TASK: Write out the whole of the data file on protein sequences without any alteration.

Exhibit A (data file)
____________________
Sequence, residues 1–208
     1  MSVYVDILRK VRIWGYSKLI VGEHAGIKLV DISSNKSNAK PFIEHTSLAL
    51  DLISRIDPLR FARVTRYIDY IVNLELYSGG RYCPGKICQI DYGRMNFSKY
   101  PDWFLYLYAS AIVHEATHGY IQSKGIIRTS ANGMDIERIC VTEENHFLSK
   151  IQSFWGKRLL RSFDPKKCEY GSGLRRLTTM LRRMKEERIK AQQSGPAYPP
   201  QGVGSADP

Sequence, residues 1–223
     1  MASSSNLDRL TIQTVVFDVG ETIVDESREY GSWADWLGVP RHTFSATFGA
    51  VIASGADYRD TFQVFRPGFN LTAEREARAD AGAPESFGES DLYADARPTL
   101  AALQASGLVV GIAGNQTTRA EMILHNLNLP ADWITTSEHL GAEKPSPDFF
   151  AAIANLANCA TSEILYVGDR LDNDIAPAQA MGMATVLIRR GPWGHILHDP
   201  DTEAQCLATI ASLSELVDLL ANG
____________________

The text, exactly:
Sequence, residues 1–208
     1  MSVYVDILRK VRIWGYSKLI VGEHAGIKLV DISSNKSNAK PFIEHTSLAL
    51  DLISRIDPLR FARVTRYIDY IVNLELYSGG RYCPGKICQI DYGRMNFSKY
   101  PDWFLYLYAS AIVHEATHGY IQSKGIIRTS ANGMDIERIC VTEENHFLSK
   151  IQSFWGKRLL RSFDPKKCEY GSGLRRLTTM LRRMKEERIK AQQSGPAYPP
   201  QGVGSADP

Sequence, residues 1–223
     1  MASSSNLDRL TIQTVVFDVG ETIVDESREY GSWADWLGVP RHTFSATFGA
    51  VIASGADYRD TFQVFRPGFN LTAEREARAD AGAPESFGES DLYADARPTL
   101  AALQASGLVV GIAGNQTTRA EMILHNLNLP ADWITTSEHL GAEKPSPDFF
   151  AAIANLANCA TSEILYVGDR LDNDIAPAQA MGMATVLIRR GPWGHILHDP
   201  DTEAQCLATI ASLSELVDLL ANG